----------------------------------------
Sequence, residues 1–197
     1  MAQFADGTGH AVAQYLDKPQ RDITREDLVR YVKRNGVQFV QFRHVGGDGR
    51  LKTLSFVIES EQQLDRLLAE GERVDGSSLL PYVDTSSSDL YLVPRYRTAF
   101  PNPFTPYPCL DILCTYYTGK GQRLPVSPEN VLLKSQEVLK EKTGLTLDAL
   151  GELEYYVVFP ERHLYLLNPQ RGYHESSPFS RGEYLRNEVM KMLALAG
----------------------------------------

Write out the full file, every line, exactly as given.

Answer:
Sequence, residues 1–197
     1  MAQFADGTGH AVAQYLDKPQ RDITREDLVR YVKRNGVQFV QFRHVGGDGR
    51  LKTLSFVIES EQQLDRLLAE GERVDGSSLL PYVDTSSSDL YLVPRYRTAF
   101  PNPFTPYPCL DILCTYYTGK GQRLPVSPEN VLLKSQEVLK EKTGLTLDAL
   151  GELEYYVVFP ERHLYLLNPQ RGYHESSPFS RGEYLRNEVM KMLALAG